Analytic Essay

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For our DEEP project, we conducted an experiment testing whether breathing from a nitrox scuba tank had an effect on the heart rate and oxygen saturation in our blood. To conduct this experiment, we had three different levels of physical activity that we tested ourselves on: standing stationary, walking, and running.  The way this translates into the pool is: sitting on the bottom, swimming lightly (frog-kicking and gliding), and swimming at an intense pace (with a flutter kick).  We used two different pools for this experiment, one that was eight and a half feet deep, and one that was fourteen feet deep.  Each of us did these three activities for five minutes, so we had a total of four results to average for each physical activities twice, two for each person.  On land, when the five minutes had elapsed, we immediately applied our pulse oximeter to our finger to see what our heart rate and oxygen saturation were.  When we were underwater, we surfaced, then used the pulse oximeter.


A pulse oximeter is an electronic medical tool that measures two things in the blood: oxygen saturation and heart rate.  We used both of these measures as ways to look for change over different trials.

        Unfortunately, due to our limited resources, we both had to share one nitrox tank, so we ran out of air before we could do a second trial for JP.  This also happened for the regular scuba tank trial, when we ran out of air, and were only able to do one of each trial apiece (we had two tanks with about 700 psi each).  Even so, we still collected a large amount of data.

Hypothesis For Reference:

- Breathing air from a nitrox scuba tank will result in the lowest heart rate and a highest oxygen saturation.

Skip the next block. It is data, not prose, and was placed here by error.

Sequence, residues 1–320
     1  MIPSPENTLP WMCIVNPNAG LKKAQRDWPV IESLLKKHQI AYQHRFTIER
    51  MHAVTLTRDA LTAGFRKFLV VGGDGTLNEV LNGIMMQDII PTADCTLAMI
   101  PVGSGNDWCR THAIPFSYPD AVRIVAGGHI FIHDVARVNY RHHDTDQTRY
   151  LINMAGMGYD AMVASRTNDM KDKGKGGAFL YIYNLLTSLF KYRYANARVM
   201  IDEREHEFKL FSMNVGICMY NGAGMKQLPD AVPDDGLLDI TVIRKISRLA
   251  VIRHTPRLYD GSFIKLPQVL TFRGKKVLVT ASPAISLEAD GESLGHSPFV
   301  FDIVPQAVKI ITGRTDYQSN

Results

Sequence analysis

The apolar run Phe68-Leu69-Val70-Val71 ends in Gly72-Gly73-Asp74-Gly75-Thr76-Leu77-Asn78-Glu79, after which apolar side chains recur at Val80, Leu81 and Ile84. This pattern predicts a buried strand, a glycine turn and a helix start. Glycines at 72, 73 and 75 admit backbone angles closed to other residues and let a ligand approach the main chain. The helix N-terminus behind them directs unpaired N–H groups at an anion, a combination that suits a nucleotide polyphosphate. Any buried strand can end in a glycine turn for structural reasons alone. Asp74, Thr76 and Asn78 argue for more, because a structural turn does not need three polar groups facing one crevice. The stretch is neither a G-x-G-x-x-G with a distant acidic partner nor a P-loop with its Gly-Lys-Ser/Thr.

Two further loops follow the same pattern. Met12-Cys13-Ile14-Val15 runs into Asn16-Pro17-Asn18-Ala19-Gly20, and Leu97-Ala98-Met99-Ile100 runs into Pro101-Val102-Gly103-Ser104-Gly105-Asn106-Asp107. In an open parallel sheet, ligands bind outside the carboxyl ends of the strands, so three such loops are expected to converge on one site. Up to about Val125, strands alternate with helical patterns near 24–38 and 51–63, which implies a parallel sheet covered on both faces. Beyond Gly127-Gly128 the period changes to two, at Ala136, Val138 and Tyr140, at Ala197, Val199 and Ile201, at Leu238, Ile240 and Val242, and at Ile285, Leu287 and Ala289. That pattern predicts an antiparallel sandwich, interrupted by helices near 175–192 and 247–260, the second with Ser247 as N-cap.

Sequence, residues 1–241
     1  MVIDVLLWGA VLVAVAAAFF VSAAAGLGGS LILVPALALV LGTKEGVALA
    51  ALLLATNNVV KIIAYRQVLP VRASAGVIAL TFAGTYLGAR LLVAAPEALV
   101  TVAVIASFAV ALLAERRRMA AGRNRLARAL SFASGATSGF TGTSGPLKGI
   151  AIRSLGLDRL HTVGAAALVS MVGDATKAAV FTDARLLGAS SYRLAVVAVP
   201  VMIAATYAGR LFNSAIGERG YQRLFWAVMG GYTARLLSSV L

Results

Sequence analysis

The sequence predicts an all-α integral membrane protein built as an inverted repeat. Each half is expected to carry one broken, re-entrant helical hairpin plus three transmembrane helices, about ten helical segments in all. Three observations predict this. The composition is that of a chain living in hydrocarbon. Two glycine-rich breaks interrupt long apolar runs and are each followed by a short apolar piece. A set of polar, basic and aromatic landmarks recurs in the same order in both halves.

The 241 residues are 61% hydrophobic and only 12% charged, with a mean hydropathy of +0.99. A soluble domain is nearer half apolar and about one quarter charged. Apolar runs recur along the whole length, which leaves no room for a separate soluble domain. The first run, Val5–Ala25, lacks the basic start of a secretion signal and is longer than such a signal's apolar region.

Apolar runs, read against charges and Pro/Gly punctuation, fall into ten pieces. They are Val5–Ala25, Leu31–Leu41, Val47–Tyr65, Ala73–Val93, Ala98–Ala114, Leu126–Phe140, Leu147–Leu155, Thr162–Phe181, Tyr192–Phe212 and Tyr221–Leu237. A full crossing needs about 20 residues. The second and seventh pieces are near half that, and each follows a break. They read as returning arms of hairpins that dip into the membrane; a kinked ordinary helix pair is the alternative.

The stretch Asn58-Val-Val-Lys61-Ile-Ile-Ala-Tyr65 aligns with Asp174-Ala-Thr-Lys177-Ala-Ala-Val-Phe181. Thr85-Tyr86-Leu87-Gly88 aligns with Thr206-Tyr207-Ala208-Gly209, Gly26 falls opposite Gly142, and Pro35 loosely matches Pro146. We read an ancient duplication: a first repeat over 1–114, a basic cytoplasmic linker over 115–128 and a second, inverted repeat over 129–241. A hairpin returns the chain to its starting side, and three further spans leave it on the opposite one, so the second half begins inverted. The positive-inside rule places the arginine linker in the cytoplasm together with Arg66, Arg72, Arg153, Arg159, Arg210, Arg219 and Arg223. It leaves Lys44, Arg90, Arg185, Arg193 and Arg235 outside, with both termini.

The data that we came up with had some similarities when compared to our hypothesis.  However, most of the data we collected was not what we had assumed would happen. In our hypothesis, we guessed that while breathing off a nitrox tank, the heart rate would be lower and our oxygen saturation would be higher than on regular scuba.  We thought this would be most likely to happen because when breathing off of a nitrox tank, there is more oxygen available to breathe, so the heart would not have to work as hard.

-Here is the table of results:


    Unfortunately, there was a large amount of error in our experiment.  Some errors were uncontrollable, but most of the errors were things that we could have fixed. For instance, when we were experimenting with the Nitrox 32 scuba tank, the temperature of the water in the Pali pool was colder than the St. Matthew’s pool, so our data was slightly skewed by a higher heart rate, because our bodies were keeping us warm.  Also, since our hands were cold, it took a couple of minutes for the pulse oximeter to get a reading. By then, our heart rate and the oxygen had gone down slightly.  Another factor that affected our results was that we used two different people. This is important because everyone has a different metabolism, so their heart rate and oxygen saturation will be different. Another factor that affected our results was that during both the nitrox and regular scuba trials J.P. only had the opportunity to do one trial. This is because we ran out of air and pool space.